“A man in America is a failed boy,” said John Updike. What a vision: that boyhood is whatever is wonderful, a life in itself that it goes on and on; or that it somehow should. The courage of eagles, the heroics of hunting lions wrapped in a package of mock combat, far from whatever are the enduring realities of a grown-up’s life; free from…Failure as a real boy requires a kind of bouncing back, a super-seeding, to become All-American.
Ambitions for all of life, perceived by the short experience of teen age’s expanding chests and swollen shoulders; gaining strength, gaining confidence, always gaining. Nothing yet at plateau, no settling-down, no distractions. No looking back because there is as yet no history: to inform; to battle.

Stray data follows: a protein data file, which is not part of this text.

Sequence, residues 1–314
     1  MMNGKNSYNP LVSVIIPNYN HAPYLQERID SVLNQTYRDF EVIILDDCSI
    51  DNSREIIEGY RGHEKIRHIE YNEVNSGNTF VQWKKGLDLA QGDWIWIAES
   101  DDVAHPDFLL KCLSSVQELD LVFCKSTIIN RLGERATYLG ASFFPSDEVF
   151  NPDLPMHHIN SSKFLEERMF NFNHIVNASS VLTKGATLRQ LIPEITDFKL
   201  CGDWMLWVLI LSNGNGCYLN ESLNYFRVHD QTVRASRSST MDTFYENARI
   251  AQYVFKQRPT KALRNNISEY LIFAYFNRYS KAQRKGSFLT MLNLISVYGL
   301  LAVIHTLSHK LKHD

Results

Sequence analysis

Manhood: at war with what and whom I might have been.
Life after high school: a perpetual reliving of the home runs I might have hit, or the goals I would have scored.